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Vaccinations

Vaccine Recommendations for Healthy Dogs and Cats


Dogs

Puppies

1. Distemper/Adenovirus/Para influenza/Parvovirus Combo (DAPP)

Each puppy should be vaccinated 3 times between the ages of 6 and 16 weeks. Revaccination is at 3 to 4 week intervals. The last one should be given at the age of 14 to 16 weeks.

Distemper:

  • Virus that affects the respiratory, gastrointestinal and central nervous systems

Infectious Canine Hepatitis (Canine Adenovirus – 1):

  • Virus that can damage the liver, kidneys, spleen and lungs

Canine Parvovirus:

  • Disease of the gastrointestinal tract
  • Puppies at highest risk but may affect any age
  • Resistant to many disinfectants

2. Rabies Vaccine

Required by New York State law. Vaccination is given at 3 months of age or older.

  • Acute viral disease of the brain and nervous system that may infect any mammal.
  • Transmission: Bite from an infected animal (most commonly raccoon, skunk or bat)

3. Infectious Bronchitis (aka Kennel Cough)

Given when the puppy is at least 3 weeks of age, may be repeated in 3 weeks depending on vaccine type.

  • Bacteria Bordetella bronchiseptica & Canine Parainfluenza virus contributing to infectious tracheobronchitis (inflammation of the upper airways) commonly called kennel cough
  • Transmission: Highly contagious, transmitted via airborne droplets from infected dogs
  • Vaccination: Recommended for dogs in close confinement such as boarding or vet clinic, traveling, dog parks, training classes, camping, etc.

4. Leptospirosis

Given when the puppy is at least 12 weeks of age. Repeated 2 to 4 weeks later.

  • Bacterial disease that can cause disease in kidneys, liver and other organs
  • Transmission: Contact with infected animal urine
  • Vaccination: Recommended yearly for all dogs in areas where the disease is prevalent

5. Lyme

Given when the puppy is at least 12 weeks of age. Repeated 3 to 6 weeks later.

  • Lyme disease bacteria (Borrelia burgdorferi) damage joints, kidneys and other tissues
  • Transmission: Bite by an infected tick
  • Signs: Lameness, fever, lethargy
  • Prevention: Annual vaccination of all dogs where disease is prevalent. Also use topical tick control.

Adults

1. DAPP (Distemper)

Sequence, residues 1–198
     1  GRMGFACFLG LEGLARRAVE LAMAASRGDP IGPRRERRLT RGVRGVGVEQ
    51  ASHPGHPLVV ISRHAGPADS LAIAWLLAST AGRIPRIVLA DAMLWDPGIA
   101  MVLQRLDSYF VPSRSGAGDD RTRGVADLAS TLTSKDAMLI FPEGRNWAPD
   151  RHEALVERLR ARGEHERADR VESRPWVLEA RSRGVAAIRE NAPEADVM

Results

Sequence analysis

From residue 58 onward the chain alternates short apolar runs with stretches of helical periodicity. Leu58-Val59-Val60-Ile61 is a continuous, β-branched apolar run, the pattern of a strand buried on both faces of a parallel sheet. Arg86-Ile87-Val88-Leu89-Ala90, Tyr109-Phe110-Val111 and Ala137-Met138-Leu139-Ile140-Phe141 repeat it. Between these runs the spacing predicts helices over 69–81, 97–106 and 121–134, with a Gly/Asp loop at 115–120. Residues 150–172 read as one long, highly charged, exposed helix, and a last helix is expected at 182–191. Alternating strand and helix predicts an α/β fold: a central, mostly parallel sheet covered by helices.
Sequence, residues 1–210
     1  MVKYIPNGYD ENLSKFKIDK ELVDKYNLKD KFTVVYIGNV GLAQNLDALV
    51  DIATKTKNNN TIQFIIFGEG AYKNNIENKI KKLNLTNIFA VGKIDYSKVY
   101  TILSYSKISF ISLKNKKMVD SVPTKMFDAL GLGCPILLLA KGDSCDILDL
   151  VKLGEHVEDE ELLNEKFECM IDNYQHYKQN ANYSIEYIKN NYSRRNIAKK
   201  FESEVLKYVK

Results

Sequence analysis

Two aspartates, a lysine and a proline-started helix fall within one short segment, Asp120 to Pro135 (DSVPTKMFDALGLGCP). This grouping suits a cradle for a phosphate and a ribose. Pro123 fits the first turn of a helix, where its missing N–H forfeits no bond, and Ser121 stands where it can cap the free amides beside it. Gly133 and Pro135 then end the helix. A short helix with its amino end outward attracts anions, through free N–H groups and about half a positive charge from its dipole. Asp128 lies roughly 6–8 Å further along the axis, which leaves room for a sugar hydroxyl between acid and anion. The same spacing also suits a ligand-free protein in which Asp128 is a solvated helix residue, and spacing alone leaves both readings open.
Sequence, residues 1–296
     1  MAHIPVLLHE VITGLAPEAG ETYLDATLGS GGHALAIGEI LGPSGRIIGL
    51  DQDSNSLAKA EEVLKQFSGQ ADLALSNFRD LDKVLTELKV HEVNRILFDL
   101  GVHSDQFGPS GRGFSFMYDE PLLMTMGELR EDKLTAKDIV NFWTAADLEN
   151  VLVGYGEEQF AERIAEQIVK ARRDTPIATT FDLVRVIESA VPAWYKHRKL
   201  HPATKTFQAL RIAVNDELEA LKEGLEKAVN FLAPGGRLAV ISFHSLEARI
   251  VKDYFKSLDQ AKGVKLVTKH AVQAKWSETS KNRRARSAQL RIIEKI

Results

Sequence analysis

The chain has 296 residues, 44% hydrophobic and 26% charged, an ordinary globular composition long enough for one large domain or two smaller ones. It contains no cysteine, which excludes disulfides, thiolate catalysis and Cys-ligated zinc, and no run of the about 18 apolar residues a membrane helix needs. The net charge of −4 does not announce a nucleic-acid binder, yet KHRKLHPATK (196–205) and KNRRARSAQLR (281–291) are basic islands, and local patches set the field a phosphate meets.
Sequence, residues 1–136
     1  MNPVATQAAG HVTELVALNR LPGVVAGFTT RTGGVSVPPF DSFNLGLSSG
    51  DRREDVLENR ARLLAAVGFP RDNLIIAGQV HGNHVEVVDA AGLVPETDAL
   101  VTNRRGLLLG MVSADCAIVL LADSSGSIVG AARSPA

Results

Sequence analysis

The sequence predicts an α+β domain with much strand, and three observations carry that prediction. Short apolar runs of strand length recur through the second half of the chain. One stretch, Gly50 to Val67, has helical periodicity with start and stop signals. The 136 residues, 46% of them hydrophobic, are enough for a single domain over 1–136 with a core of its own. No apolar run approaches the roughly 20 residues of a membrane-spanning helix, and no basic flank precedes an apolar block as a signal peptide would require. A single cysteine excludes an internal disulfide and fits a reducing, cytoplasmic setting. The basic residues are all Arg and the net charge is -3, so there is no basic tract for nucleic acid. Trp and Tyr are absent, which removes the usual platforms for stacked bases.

The first booster is given one year after the initial series, then every 3 years.

2. Rabies

Required by New York State law. The first booster is given one year after the initial vaccination, then every 3 years.

3. Leptospirosis

Boosters recommended once a year.

4. Infectious Bronchitis

Boosters are recommended once a year.

5. Lyme

Boosters are recommended once a year.


Cats

Kittens

1. Panleukopenia (aka Feline distemper,) Feline Herpes Virus (aka Rhinotracheitis,) and Chlamydia — (Commonly called ‘distemper’ vaccine)**

Recommended for all kittens. Given when the kitten is at least 6 weeks old. Repeat every 3 to 4 weeks until 15 or 16 weeks.

Feline Viral Rhinotracheitis (Feline Herpesvirus):

  • Causes nearly half of all upper respiratory disease infections in cats

Feline Calicivirus

  • Major cause of upper respiratory infections, often with herpesvirus

Feline Panleukopenia (Feline parvovirus or distemper)

  • Highly contagious virus that destroys cells in bone marrow, lymph tissue, intestine, brain

Feline Chlamydophila

  • Bacteria responsible for some eye infections. May worsen viral respiratory infections.
  • Vaccination: Recommended in all cats especially multicat housing, given as above** as part of ‘distemper’ vaccine

2. Rabies Vaccine

Required by New York State law, even for cats that never go outdoors. Vaccination is given at 3 months of age or older.

  • Acute viral disease of the brain and nervous system that may infect any mammal.
  • Cats are the most commonly reported domestic animal infected with rabies.
  • Any unvaccinated, exposed animal should be euthanized or strictly isolated per state and local laws.
  • Prognosis: Always fatal once showing signs of disease.

3. Feline Leukemia Virus (FeLV)

This vaccine is recommended for all kittens. Vaccine is given when the kitten is at least 8 weeks of age, booster once in 3 to 4 weeks.

  • Causes malignant tumors and anemia
  • Supresses immune system making cats susceptible to other disease
  • Cats can appear healthy while infected
  • Test: In-hospital blood test should be done on all cats of unknown history/exposure especially being brought into contact with other cats. Kittens testing positive should be retested in 1-3 months to be certain it is not a false positive.
  • Recommended in high risk (outdoor, breeding, shelter) adults.

Adults

1. Panleukopenia, Feline Herpes Virus, and Chlamydia

The first booster is given one year after the initial series, then every 3 years.

2. Rabies Vaccine  

Required by New York State law, even for cats that never go outdoors. The PureVax vaccine requires a yearly booster.

3. Feline Leukemia Virus

This vaccine is recommended for all cats one year after the initial series. Thereafter, indoor cats do not need further vaccination. Outdoor/High Risk cats should be vaccinated every1-3 years depending on age and risk. (We use PureVax leukemia vaccine)

***A few years ago, Hamilton Animal Hospital transitioned to the use of feline specific PureVax vaccinations for both rabies and FeLV protection. There is a low but evident risk that a cat may develop an aggressive cancerous tumor referred to as a vaccine associated fibrosarcoma, at the site of injection of an adjuvanted vaccine. These tumors may take years to develop, with studies reporting somewhere between 1 in 1,000 – 10,000 vaccination occurrence rate. Despite the rarity, this is a very aggressive and deadly disease that we hope to take any possible measures to prevent. The PureVax vaccines do not contain adjuvants which have been linked to the formation of these tumors.***

Merial vaccine website